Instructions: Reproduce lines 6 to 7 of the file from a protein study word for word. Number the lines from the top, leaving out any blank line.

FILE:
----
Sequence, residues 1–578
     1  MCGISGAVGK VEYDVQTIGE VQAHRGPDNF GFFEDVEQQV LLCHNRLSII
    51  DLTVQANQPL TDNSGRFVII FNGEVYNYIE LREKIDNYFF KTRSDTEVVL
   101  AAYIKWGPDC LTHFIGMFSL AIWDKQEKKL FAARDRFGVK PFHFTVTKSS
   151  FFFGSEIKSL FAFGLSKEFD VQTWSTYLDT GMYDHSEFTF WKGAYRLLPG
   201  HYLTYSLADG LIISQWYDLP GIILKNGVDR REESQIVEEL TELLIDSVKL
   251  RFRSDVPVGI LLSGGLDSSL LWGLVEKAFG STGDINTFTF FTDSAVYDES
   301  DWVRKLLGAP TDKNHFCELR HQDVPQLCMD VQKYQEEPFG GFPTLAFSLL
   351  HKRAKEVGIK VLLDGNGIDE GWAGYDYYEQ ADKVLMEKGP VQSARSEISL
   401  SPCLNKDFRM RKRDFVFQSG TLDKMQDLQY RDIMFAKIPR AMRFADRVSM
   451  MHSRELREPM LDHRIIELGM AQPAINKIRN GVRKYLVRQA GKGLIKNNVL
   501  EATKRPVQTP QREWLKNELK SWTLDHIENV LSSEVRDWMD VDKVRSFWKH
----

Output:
   201  HYLTYSLADG LIISQWYDLP GIILKNGVDR REESQIVEEL TELLIDSVKL
   251  RFRSDVPVGI LLSGGLDSSL LWGLVEKAFG STGDINTFTF FTDSAVYDES